U.S. consumers were a little more optimistic about the economy in May, according to a report released Tuesday.
The Conference Board's Consumer Confidence Index rose to 95.4 in May, though the number missed estimates. Economists polled by Reuters expected a reading of 96.1. April's reading was revised lower to 94.3 from 95.2.
Consumers' optimism about the short-term outlook was mixed in May, however. Consumers who said business conditions are "good" fell to 25.2 percent from 25.5 percent, while those claiming conditions are "bad" also decreased from 19.2 percent to 17.4 percent.
The reading on jobs was also mixed. Those who said there were a lot of jobs increased to 20.7 percent from 19 percent. However, those who claimed jobs are "hard to get" rose to 27.3 percent from 25.9 percent.
"Consumer confidence improved modestly in May, after declining sharply in April," said Lynn Franco, director of economic indicators at the group.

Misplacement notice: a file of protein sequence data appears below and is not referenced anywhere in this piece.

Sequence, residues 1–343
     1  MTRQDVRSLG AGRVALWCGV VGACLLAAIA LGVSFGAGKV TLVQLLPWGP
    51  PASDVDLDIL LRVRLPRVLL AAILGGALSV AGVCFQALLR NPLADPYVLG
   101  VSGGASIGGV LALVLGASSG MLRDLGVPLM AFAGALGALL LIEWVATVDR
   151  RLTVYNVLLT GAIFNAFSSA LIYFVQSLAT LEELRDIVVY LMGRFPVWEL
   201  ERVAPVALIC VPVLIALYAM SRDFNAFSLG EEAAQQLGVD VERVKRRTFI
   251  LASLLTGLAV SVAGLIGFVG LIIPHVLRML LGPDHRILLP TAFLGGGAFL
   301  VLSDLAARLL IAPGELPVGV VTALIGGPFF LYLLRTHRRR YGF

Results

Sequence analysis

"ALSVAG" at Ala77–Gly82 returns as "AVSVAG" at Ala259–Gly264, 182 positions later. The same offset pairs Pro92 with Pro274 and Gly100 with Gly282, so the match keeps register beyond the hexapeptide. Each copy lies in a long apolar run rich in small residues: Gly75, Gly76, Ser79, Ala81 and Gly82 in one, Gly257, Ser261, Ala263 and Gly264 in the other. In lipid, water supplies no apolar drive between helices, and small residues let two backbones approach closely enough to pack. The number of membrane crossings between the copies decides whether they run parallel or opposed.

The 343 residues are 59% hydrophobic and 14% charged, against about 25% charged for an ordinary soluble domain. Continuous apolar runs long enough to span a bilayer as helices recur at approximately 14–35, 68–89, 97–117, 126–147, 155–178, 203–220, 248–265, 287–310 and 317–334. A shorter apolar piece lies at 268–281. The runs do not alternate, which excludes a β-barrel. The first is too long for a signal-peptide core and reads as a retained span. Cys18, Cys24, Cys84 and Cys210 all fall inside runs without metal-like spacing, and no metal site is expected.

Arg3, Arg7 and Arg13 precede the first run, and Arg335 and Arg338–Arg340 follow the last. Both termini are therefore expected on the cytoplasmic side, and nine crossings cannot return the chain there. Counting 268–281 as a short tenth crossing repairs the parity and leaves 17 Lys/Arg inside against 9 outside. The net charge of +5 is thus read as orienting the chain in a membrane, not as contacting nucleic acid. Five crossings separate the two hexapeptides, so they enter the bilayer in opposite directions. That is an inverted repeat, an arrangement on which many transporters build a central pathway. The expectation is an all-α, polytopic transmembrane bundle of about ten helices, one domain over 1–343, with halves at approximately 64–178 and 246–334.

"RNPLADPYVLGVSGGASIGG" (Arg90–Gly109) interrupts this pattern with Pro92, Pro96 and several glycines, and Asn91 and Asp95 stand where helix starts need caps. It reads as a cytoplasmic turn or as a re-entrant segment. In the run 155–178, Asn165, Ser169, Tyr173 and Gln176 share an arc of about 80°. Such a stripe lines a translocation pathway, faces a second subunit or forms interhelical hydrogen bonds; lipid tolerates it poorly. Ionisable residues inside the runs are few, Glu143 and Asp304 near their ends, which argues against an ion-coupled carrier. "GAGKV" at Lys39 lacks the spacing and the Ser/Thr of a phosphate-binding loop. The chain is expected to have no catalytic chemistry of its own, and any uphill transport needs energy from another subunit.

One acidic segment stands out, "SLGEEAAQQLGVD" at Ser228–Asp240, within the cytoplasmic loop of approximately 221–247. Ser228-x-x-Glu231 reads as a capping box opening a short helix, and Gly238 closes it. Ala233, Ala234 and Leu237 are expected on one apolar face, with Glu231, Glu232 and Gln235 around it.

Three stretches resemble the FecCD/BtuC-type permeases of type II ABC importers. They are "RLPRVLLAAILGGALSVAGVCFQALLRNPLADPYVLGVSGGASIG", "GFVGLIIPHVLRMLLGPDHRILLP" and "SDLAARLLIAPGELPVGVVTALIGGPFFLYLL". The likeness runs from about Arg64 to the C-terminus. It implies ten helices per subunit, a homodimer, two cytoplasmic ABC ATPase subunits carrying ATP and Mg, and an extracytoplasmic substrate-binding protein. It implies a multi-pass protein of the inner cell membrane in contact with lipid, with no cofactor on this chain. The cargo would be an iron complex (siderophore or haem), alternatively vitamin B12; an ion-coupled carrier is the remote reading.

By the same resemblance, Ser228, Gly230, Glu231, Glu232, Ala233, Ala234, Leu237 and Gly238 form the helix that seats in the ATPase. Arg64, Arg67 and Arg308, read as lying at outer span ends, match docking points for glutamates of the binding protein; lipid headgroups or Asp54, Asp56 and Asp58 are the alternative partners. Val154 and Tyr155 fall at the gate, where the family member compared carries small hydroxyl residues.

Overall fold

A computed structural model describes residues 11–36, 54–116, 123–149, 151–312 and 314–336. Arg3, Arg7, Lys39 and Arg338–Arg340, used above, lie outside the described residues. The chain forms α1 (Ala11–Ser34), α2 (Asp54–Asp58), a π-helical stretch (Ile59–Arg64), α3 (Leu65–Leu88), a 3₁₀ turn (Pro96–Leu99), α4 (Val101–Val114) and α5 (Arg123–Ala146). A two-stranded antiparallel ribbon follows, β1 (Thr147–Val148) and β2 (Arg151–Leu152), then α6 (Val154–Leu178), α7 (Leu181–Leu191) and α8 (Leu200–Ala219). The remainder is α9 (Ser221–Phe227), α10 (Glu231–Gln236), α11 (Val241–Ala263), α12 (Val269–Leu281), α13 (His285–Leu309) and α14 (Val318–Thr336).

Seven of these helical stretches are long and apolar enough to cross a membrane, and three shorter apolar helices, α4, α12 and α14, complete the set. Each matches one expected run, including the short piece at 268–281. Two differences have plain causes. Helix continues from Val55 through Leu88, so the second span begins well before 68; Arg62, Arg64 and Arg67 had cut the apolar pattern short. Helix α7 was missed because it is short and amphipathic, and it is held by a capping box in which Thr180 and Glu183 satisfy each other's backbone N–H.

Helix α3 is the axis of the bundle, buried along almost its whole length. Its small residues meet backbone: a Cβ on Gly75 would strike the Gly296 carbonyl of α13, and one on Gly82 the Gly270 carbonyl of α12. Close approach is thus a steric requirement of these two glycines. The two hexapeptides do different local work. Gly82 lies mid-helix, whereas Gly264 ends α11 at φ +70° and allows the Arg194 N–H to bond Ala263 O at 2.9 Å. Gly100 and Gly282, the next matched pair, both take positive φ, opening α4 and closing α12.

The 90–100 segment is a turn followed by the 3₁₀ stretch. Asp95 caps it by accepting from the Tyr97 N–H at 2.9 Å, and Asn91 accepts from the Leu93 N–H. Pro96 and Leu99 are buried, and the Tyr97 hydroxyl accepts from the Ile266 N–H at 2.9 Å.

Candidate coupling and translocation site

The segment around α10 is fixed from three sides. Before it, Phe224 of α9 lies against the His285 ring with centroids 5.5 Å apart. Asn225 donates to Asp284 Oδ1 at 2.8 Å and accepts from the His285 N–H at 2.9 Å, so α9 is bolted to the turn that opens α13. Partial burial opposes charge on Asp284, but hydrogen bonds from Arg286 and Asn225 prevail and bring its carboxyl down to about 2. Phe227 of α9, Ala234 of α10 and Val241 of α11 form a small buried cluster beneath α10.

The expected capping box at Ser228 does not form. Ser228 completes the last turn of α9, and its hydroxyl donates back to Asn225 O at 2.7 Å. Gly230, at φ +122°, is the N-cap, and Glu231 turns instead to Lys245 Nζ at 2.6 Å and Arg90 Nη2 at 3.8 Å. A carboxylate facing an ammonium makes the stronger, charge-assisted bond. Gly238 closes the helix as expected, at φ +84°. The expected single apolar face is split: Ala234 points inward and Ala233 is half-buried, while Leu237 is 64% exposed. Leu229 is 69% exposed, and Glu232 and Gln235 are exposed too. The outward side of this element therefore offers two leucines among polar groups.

"After a three-month slide, the Present Situation Index increased, propelled by a more positive assessment of the labor market. Expectations, however, were relatively flat following a steep decline in April. While current conditions in the second quarter appear to be improving, consumers still remain cautious about the short-term outlook."
The monthly consumer confidence survey is conducted by Nielsen for The Conference Board.